Apple is expected to unveil the iPhone 7 in a couple of months, and the rumor mill is already churning out new guesses and “exclusives” from “sources” on a daily basis.
Rather than endlessly debate whether Apple will or won’t remove the headphone jack, let’s look at where Apple is lagging behind flagship Android handset maker Samsung, and what features it needs to add in order to keep up.
See also: Apple should codename iOS 10 ‘Twinkie’ because it’s full of fluff and filler
Yup, it’s 2016 and I’m still having to plug a cable into my iPhone to charge it when there are plenty of smartphones out there that make use of wireless charging solutions. Sure, a wireless charging pad is more expensive than a cable (even the megabucks Apple Lightning cable), but the improved convenience is well worth it.
I’m amazed Apple hasn’t gone down this route if only for the opportunities it opens up for the money-hungry company to sell more accessories.
A new and unique gimmick
As much as I think that the Edge feature of the Samsung Galaxy S7 Edge is a gimmick, it’s a gimmick that users tell me is useful, and sets the handset apart from the crowd, both in terms of looks and usability.
The iPhone, on the other hand, while unique in being an iOS device, is pretty generic. It looks like pretty much any Android handset, and it operates pretty much like every other handset. It’s been copied and cloned so much that it now feels awfully generic.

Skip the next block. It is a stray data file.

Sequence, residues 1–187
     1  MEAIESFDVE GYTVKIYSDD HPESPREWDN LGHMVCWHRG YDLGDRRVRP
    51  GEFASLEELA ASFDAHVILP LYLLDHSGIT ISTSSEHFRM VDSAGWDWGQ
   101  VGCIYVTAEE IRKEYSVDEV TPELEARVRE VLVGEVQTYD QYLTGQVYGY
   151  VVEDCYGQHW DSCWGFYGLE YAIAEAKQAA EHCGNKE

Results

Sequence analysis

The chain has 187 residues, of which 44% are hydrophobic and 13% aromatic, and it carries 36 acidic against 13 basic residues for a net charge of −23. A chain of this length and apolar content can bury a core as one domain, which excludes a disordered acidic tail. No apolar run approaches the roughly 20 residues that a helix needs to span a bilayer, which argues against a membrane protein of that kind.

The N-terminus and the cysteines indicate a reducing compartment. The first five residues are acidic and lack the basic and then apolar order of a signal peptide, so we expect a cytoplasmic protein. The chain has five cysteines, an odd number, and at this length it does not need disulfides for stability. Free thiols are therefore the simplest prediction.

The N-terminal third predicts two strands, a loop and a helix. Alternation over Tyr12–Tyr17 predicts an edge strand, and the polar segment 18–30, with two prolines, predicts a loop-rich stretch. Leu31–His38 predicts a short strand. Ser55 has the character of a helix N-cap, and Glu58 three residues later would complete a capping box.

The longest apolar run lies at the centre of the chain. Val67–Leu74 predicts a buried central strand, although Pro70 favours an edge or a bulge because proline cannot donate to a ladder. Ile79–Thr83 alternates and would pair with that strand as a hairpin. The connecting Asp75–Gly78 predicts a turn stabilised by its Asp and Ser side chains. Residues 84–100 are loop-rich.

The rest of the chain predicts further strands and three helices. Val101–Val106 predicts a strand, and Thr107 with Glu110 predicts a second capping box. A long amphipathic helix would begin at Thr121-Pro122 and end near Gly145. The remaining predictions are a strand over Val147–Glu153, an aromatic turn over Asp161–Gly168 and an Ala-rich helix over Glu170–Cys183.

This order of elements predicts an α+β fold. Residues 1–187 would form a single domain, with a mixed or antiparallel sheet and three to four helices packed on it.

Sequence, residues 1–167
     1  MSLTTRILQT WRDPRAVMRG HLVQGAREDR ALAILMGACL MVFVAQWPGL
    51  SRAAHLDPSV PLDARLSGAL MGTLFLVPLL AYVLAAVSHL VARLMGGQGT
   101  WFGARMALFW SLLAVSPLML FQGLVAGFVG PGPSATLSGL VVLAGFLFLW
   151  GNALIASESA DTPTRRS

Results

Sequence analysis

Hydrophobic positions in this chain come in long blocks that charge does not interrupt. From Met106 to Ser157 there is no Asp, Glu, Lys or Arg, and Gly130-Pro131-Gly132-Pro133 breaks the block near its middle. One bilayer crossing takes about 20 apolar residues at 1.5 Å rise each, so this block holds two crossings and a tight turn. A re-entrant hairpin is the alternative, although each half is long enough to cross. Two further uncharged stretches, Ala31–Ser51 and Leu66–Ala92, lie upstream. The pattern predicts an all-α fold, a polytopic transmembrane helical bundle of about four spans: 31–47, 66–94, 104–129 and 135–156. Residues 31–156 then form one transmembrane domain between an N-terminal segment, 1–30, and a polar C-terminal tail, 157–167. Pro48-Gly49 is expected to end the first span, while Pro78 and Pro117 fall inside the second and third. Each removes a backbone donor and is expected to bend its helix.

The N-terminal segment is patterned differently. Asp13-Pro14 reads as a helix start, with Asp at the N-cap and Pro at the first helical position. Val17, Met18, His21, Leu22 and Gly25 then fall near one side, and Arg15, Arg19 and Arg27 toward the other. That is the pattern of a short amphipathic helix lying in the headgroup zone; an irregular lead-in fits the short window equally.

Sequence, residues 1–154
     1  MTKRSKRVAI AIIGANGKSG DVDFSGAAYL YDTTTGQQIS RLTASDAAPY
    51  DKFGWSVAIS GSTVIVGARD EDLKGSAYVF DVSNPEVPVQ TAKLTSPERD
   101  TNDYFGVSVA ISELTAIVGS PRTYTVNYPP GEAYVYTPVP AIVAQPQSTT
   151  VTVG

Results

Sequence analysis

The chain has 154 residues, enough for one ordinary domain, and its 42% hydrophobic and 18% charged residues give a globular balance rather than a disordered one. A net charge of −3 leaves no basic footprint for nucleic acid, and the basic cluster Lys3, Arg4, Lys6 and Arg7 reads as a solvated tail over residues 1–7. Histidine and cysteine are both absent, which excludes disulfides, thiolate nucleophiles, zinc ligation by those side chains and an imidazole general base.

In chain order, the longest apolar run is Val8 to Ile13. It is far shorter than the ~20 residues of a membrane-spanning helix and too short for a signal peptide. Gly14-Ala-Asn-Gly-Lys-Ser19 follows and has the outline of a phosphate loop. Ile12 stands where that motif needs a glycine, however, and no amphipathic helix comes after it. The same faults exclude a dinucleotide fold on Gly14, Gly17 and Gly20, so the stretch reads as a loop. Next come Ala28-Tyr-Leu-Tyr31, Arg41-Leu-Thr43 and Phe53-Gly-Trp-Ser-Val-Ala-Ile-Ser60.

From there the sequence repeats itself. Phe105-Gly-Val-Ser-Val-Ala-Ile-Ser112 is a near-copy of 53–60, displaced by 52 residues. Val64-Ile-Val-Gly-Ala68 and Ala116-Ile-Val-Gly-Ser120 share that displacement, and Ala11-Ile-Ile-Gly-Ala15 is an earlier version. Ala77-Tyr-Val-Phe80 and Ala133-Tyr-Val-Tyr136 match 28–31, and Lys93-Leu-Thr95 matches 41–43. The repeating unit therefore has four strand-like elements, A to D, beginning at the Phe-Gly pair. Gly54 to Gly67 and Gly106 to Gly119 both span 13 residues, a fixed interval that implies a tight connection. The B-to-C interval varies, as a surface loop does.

It really could do with something to set it apart from the rest.
It seems to come as a bit of a surprise to Apple that people want to take their iPhones into the outdoors, where it sometimes rains.
Please Apple, can we have an iPhone that is waterproof? Samsung has it, and while it might not be perfect, it’s better than nothing.
There’s no doubt that Gorilla Glass is tough, but as the name suggests, it’s still glass. And glass has a habit of shattering.
A sapphire display would be awesome, but a tough display such as that fitted to the Motorola Droid Turbo 2 would do fine.
Drop the 16-gigabyte storage option
It’s not going to happen because Apple uses the 16GB of storage as a way to upsell a more expensive iPhone, but it certainly would be nice, and welcomed by those who don’t have $100 to splash out on the more expensive model.
Of the things I’ve listed, dumping the 16-gigabyte starting point seems like the most likely to happen during this current round of upgrades.